The IHAT works in support of the Service Police. Lawyers acting for those who made the allegations claimed it was not sufficiently independent, and asked the UK Courts to order a public inquiry into all these cases. The High Court rejected this argument in 2013 and concluded that the IHAT would be able to establish the truth more effectively and cheaply than a public inquiry. The work of the IHAT is funded until the end of 2019.
The IHAT pursues investigations only where allegations are credible. However, preliminary work is often necessary in order to test the credibility of an allegation. All those investigated are assumed innocent until proven guilty, and the work of the IHAT helps to ensure that serving or former personnel are not dragged through the courts without cause. The Director of Service Prosecutions will only prosecute if the evidence meets the UK standards for prosecution.
By thoroughly investigating, and potentially prosecuting, serious offences, we are confident the UK will be able to satisfy the International Criminal Court (ICC) that it is meeting its obligations.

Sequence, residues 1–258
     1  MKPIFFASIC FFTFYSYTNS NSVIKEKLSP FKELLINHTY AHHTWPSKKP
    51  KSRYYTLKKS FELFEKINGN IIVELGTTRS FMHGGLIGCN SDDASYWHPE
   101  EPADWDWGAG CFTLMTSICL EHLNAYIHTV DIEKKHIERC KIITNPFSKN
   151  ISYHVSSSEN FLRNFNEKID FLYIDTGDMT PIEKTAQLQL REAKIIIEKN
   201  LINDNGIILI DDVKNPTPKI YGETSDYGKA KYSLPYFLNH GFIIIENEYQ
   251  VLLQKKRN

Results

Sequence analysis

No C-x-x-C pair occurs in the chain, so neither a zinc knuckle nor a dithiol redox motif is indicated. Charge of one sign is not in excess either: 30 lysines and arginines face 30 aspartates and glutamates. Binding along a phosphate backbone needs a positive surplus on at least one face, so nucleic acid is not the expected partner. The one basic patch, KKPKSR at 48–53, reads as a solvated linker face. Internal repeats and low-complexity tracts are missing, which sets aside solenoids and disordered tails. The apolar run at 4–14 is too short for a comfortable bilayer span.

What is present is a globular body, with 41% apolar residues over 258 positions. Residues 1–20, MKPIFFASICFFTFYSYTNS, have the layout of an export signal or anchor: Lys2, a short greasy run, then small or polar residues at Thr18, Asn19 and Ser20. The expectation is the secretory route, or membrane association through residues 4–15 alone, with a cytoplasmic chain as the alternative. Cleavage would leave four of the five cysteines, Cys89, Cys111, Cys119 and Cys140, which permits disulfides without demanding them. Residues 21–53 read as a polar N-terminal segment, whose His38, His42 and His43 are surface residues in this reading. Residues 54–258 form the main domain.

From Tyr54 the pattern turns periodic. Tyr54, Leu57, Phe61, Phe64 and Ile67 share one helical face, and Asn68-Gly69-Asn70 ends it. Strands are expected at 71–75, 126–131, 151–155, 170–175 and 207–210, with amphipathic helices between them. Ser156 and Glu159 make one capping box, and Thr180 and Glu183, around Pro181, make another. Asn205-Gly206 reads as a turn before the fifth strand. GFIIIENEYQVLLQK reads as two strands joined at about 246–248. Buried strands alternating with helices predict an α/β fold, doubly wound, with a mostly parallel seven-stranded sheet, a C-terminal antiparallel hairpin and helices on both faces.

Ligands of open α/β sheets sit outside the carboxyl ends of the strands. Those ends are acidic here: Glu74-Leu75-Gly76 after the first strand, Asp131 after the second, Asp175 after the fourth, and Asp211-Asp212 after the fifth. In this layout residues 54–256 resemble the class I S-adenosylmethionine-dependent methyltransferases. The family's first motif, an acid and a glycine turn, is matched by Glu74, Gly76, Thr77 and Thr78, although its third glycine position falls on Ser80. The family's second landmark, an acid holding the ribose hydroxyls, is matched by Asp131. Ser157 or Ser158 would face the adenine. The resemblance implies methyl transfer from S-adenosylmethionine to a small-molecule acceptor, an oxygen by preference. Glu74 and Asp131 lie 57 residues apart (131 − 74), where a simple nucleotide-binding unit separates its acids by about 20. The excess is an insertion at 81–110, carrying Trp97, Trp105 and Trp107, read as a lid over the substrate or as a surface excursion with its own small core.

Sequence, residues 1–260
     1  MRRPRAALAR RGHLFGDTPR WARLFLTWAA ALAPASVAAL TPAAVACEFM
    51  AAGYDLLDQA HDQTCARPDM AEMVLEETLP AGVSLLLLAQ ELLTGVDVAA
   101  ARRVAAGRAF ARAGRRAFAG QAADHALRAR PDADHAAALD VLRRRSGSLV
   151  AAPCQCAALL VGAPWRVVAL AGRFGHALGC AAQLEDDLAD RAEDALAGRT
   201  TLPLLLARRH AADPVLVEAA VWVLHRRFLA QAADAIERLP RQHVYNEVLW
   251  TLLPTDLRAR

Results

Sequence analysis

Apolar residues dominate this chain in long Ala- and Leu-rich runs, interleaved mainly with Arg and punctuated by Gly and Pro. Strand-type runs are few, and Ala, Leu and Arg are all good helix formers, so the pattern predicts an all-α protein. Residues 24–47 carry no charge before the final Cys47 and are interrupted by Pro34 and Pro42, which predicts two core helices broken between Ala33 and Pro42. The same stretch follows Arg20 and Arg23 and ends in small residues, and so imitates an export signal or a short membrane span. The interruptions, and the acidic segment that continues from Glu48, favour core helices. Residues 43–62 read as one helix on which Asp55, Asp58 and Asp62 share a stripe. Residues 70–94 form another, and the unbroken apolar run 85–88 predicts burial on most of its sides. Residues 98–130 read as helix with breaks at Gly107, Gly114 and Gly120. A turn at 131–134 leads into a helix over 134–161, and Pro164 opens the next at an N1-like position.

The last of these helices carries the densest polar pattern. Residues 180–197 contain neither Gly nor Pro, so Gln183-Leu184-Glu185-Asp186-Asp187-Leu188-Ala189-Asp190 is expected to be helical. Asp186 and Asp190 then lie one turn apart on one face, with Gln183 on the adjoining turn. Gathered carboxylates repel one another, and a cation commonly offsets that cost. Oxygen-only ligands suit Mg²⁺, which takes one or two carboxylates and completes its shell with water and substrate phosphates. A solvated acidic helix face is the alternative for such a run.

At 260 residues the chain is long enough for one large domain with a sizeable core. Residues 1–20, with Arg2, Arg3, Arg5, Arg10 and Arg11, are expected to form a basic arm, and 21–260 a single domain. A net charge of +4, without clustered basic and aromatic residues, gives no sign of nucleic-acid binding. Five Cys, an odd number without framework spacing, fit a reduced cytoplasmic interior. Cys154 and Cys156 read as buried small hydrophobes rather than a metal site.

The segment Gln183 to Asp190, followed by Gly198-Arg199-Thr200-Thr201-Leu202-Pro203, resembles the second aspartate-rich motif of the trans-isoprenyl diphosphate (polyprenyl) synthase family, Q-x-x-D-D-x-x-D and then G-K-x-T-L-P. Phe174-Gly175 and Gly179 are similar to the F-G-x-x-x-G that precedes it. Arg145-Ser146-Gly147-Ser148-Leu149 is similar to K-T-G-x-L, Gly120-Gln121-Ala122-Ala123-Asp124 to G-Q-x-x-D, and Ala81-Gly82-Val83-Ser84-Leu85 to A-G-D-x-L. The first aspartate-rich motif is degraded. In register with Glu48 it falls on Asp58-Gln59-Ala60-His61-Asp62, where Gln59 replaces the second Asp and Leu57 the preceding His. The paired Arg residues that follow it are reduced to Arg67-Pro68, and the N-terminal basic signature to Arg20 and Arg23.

Why do we need it?
There is a legal requirement to investigate allegations of human rights violations or war crimes by UK Forces, who are rightly held to the highest standards wherever in the world they may be. If these allegations were not investigated by UK authorities, they would be open to referral to the ICC. Without IHAT, the investigation process would take significantly longer.
Why should Armed Forces personnel be held accountable for their actions?
The vast majority of UK Service personnel deployed on military operations conduct themselves professionally and in accordance with the law. However there is a legal obligation to investigate allegations of abuse or unlawful killing. It is appropriate that any allegations relating to Iraq should go to the IHAT for analysis and, where appropriate, investigation.
The Al-Sweady Inquiry showed that allegations of wrongdoing are not always true. However, it is right that all allegations are investigated and that those against whom there is evidence of criminal conduct are prosecuted.
What is IHAT dealing with?
The IHAT is dealing with a very large volume of allegations - its caseload currently consists of 1,558 allegations.
This is a complex and necessarily time-consuming process which can be made more difficult by some legal firms and opponents seeking to use the system for their own ends.
Just because an allegation has been passed to the IHAT it does not mean that a soldier will be investigated, let alone charged and prosecuted. Each allegation is considered on its merits. The IHAT gives very careful consideration to the credibility of an allegation and the very difficult circumstances that the UK Armed Forces faced at the time.